Their bees were dying and the Honls did not know why. There was a name for the widespread phenomenon their business experienced: colony collapse disorder.
Honey bee hive populations dwindled. Bee keepers were not finding dead colony members inside or nearby the hives. The insects' couldn't be found.
Bert Honl recently was reached by phone as he was en route to Texas with a load of bees. His family's business farms out its colonies as commercial pollinators.
“Our business has been doing OK. Every year is different. We’ve had some problems in 2015 with mites and low-pollen count. It's the fungicides that really hurt. They don't hurt the bees but they kill the broods."
Beekeepers understand crops need to be protected from destructive insects.
"Farmers have to spray for aphids. They are only controlling what they have to control."
Honl considers mowed and sprayed ditches as the biggest problem for Minnesota honey operations and shortages of nectar and pollen. Roadside vegetation is being cut before his bees are done harvesting.
“Lots of flowers still are blooming in the fall, but we end up buying man-made mixes for our bees. It keeps them healthy, but the queens aren’t stimulated to make eggs. It's costing us a lot more money to keep bees,” he said.
Unlike this Green Metallic, most sweat bees are dark and drab. Halictida are encountered often in summer gardens, but rarely recognized as bees — the tiny native pollinators don't fit the widely accepted image. Photo courtesy Heather Holm The Free Press
The Honey House, which the Honl family operates in Winthrop, has seen benefits from hobbyists who want thei... (Mankato Free Press)Feb 2, 2016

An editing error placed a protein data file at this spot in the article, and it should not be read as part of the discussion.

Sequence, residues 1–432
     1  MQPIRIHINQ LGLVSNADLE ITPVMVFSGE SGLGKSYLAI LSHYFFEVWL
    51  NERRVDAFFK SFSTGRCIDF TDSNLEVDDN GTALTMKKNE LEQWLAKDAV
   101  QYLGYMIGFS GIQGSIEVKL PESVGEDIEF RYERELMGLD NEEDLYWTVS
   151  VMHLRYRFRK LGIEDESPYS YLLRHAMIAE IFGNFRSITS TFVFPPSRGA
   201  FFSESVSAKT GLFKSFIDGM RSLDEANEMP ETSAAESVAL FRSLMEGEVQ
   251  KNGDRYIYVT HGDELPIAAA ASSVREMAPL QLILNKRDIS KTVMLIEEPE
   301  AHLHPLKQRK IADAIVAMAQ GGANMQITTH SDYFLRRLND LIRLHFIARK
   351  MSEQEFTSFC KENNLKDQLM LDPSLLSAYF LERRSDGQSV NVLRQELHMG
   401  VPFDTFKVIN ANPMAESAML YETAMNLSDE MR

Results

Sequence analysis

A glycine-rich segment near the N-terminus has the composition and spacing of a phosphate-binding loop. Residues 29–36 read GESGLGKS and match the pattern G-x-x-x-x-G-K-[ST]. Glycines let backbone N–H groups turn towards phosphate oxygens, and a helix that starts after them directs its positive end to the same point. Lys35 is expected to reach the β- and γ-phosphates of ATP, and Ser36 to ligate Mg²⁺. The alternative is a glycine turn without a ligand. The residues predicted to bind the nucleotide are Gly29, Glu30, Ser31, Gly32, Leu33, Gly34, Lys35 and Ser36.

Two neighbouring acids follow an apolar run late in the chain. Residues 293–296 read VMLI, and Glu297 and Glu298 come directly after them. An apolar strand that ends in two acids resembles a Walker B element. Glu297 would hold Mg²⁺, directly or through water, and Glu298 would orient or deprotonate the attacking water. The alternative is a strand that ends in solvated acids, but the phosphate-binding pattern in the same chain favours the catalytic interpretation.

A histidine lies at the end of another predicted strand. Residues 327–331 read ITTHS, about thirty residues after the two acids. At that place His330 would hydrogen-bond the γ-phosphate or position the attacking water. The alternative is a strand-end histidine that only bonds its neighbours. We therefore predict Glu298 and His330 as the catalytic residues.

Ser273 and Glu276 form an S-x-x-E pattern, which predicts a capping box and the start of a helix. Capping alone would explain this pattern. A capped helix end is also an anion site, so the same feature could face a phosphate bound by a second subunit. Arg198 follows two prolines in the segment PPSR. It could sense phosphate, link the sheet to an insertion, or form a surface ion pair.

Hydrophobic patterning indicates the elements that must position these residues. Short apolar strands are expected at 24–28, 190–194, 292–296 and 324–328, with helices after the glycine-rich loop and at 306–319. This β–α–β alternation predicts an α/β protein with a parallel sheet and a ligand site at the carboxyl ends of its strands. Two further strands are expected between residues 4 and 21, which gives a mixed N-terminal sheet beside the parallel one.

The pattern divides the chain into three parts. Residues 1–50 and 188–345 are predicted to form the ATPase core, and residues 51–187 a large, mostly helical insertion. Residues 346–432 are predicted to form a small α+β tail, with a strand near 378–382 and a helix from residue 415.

Mary Ann Crook
Gresham. Great-grandchildren are Quinn Soulliere, Ellie Ann Crumrine, Avery Lee Crumrine, Hudson Swenson and Brennan Swenson. Siblings are Helen Prochaska of Ulysses, Paul Vavra of Rising City, Dorothy (Ronald) Ruth of Rising City, Maxine Reinke of Columbus and Doris (Randy) Henderson of Maricopa, Arizona; along with her brother-in-law Alton Crook and wife, Lois, of Fremont; daughter-in-law, Linda (Terry) Bartunek; and many nieces and nephews, family and friends.
Mary Ann was preceded in death by her parents; father-in-law, Keith Crook; mother-in-law, Gladys Crook; and son, Bruce Keith Crook.
Arrangements by Kracl Funeral Chapel-David City.
Condolences may be sent online at www.revbluejeans.com.
(Columbus Telegram)Jan 8, 2016
Prep scoreboard: Nov. 28 results
Others in Top 30): 10. Brown (LCC) 17:56.1, 17. Boisvert (Uni. City) 18:17.0, 20. Fahy (LCC) 18:19.0, 29. Ereso (LCC) 18:39.6, 30. Prochaska (LCC) 18:41.2.
Division IV — Team: 1. La Puente Bishop Amat 98, 2. Santa Cruz 139, 3. Pasadena Mayfield 146. Ind.—1. Ratliff (Santa Cruz) 17:03.7, 2. Coonfield (McKinleyville) 17:07.2, 3. Satterlee (Visalia Central Valley Chr.) 17:44.0, (Others in top 30): 25. Rippey (Coronado) 18:39.7, 26. Phillips (Coronado) 18:39.7.
Division V — Team: 1. Flintridge Prep 67, 2. Alameda St. Joseph-Notre Dame 143, 3. Francis Parker 155. Ind.—1. Bowen (Sonoma Aca.) 18:12.3, 2. Marshall (St. Joeseph-ND) 18:18.3, 3. Stashyn (Vacaville Chr.) 18:19.5 (Others in top 30) 9. Trossen (Parker) 19:02.9, 10. Watkins (LJCD) 19:12.4, 21. Gamboa (Parker) 19:31.2, 29. Miralles (LJCD) 19:41.9.
(The San Diego Union-Tribune)Sep 28, 2015
Spring flowers with no fuss-Easy Bloompad
Minnesota Landscape Arboretum in Chaska.(Photo: Ben Garvin, KARE)
MINNEAPOLIS - Do you plant tulips and spring blooms without any hassle at all? Are you someone that loves the spring blooms but doesn't know what to do when you walk up to the boxes and boxes of bulbs at your favorite garden center?
There is a new product on the market that does just that. It is called Easy Bloompad and it is created in the Netherlands and distributed out of a Minnesota company.
The Easy Bloompad was invented by Jan van der Sman of the Netherlands. The product is distributed in the United States by Bloompad North America under the parent companies Gardenworld, Inc. of Minnesota, owned by Dave van der Sman (Jan's son who lives in Woodbury).
A patented, biodegradable paper pad containing flower bulbs that will change the way bulbs are planted. Bloompads were developed with a new generation of gardeners in mind. These new gardeners want planting to be fast and easy. Bloompads will reduce planting time to only 30 seconds per pad, and tak... (KARE)